November 21, 2013
by Dr. R. Scott
I remember it with such vividness. I was in first grade. The school building was old. Wooden floors. High ceilings. The hall echoed with voices and footsteps. The heavily-stained oak desks were perfectly aligned and bolted to the floor. (No collaborative learning in those days.) We sat in rows. We sat quietly. We listened to the teacher and learned.
My mother walked me to the bus stop each morning that fall. I wore dark bluejeans replete with orange stitching, and the pants were stiff, as if made of starched cardboard. I wore a white polo shirt for my first grade picture that year. I didn’t smile. I was serious, even as a first grader, earnest and serious. I was sitting toward the back of the classroom on November 22, a classroom ringed with dusty blackboards, and above the boards, art work illustrating numbers and letters. My first grade reading book featured “Dick and Jane.” (Oddly enough, the names of my dad and aunt.) The illustrations in the book were warm and familiar.
I remember sitting in Mrs. Cauble’s class, and then a terrible anguished scream rang out from the hallway. It was not a scream exactly, more like a high-pitched groan. I then heard the sound of a woman running down the hallway, her shoes making a frantic clacking sound against the wooden floors. I later figured out that the woman was the school’s secretary. I don’t remember her name, but she assisted the school principal, Mr. Spradley, who was rumored to have an electric paddle in his office for any student who dared to challenge his authority. A short time later Mrs. Cauble, sweet, old and now shaken, shared the news that the President of the United States of America, John Fitzgerald Kennedy, had been shot and killed.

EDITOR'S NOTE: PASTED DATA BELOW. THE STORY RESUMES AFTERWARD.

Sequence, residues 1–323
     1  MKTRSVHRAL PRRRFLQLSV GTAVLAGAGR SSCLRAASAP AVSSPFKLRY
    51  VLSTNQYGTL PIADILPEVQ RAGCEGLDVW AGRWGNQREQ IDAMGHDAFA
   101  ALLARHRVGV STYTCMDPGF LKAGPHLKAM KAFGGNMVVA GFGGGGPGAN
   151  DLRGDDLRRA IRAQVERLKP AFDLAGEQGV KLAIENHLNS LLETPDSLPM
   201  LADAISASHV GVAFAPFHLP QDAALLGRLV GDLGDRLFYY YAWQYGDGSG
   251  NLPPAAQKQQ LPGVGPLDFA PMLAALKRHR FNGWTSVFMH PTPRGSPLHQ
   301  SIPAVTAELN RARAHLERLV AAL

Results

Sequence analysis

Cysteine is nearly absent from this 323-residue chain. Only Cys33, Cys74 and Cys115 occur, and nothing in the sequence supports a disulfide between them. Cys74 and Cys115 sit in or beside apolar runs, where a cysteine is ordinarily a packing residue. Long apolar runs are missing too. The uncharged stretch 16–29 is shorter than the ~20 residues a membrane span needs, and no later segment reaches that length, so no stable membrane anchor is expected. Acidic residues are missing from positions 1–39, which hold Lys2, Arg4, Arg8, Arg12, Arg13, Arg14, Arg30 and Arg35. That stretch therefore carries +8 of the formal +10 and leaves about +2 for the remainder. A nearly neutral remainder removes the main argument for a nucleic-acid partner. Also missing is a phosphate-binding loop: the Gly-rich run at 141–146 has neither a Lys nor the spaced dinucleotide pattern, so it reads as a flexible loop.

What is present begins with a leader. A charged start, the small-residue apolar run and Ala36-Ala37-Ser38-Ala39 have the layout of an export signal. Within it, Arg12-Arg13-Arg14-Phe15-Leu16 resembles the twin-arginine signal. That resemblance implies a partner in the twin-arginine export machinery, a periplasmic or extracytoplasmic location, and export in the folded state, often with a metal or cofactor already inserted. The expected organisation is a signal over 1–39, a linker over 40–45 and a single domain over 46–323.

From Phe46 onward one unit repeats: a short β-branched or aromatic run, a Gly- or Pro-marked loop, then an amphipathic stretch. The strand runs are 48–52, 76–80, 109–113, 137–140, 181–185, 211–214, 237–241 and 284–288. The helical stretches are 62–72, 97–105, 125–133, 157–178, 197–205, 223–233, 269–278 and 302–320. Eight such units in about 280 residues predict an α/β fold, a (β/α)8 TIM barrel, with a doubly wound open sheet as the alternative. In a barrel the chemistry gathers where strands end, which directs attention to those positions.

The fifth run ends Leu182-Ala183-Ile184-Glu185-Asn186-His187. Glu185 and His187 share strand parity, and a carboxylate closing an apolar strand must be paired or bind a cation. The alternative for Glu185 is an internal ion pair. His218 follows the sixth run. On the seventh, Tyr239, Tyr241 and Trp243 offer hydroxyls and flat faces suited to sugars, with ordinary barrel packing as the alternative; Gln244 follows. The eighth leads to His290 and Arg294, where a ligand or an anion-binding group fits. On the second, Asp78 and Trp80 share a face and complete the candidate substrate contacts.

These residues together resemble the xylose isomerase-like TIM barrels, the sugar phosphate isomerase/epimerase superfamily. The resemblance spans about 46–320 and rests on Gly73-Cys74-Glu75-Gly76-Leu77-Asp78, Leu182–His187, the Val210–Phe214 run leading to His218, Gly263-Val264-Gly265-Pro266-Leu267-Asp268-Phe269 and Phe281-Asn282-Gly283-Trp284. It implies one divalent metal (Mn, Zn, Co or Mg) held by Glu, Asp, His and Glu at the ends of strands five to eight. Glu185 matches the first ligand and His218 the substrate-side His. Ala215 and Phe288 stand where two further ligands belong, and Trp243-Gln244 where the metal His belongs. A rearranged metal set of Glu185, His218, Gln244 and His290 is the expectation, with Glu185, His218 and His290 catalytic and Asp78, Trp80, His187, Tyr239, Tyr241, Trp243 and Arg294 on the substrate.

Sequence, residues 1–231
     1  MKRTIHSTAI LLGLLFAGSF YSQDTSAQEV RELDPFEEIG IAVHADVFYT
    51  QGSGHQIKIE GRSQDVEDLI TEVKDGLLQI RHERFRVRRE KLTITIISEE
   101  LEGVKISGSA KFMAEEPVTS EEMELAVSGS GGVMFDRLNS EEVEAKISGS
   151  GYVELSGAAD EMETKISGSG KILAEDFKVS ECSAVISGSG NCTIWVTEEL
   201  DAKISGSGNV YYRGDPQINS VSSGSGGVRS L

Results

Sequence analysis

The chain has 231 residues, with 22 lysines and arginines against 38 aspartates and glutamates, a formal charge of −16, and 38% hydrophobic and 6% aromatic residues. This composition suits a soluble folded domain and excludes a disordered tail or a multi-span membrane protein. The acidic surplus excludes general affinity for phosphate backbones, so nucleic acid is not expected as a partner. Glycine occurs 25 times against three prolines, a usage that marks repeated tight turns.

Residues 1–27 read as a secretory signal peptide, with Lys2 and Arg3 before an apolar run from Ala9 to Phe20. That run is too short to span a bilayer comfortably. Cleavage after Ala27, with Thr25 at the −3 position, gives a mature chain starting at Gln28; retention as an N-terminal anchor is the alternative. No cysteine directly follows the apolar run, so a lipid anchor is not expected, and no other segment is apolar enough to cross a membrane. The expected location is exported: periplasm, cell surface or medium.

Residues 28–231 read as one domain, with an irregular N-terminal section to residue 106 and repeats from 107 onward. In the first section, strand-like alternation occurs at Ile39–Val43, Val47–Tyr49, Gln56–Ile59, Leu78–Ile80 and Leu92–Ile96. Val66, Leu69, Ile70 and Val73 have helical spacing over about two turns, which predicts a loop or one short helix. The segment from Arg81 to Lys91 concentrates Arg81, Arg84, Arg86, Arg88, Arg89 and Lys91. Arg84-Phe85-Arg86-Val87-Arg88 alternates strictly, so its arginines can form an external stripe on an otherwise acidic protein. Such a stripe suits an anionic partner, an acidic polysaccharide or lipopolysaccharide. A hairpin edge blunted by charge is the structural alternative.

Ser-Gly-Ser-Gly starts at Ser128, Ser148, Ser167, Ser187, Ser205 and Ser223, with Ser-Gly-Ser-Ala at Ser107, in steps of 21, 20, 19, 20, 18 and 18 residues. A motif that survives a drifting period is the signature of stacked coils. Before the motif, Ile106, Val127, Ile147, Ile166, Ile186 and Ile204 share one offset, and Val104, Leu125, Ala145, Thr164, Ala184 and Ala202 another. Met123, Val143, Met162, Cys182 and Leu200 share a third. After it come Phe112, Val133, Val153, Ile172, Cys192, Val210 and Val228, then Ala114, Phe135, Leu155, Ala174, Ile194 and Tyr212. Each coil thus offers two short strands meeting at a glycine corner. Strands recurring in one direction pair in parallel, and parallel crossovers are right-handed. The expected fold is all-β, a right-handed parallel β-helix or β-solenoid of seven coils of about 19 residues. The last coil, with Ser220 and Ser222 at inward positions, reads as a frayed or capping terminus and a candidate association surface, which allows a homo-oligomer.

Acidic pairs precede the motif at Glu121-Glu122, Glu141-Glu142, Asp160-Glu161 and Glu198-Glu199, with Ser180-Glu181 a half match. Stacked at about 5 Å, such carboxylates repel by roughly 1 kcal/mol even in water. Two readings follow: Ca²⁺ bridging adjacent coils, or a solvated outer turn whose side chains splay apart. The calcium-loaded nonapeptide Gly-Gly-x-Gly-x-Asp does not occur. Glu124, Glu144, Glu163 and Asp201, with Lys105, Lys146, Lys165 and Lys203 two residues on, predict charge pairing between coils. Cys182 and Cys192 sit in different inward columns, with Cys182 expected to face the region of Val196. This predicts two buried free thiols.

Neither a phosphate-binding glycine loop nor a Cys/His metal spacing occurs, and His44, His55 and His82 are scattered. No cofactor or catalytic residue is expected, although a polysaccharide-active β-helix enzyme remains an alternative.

The full impact of this news did not really sink in until I went home, because for the next few days I watched the black and white news coverage on the television with my mother. We were living in a small two-bedroom house on Standish Street, and I remember sitting on the living room floor and watching the procession of sadness — the horse-drawn casket, Mrs. Kennedy in her black dress, the two children, and the sober voice of Walter Cronkite’s as he offered commentary on the proceedings.
I remember feeling confused, upset and afraid. Of course the entire nation was shocked. I now realize that the death of President Kennedy was my first awareness of impermanence. The implacable reality that the universe shifts. I would learn that lesson again with Dr. King’s death. And Bobby Kennedy’s death. And then my grandfather dying. And then two friends killed in an automobile accident. And then a President resigning. And on and on goes the litany of life. Impermanence: You wake up and the world is one way. You go to bed and the world is different. November was such a sad day.
I was a small boy. It is a big memory. I’m still trying to understand that day in November fifty years ago.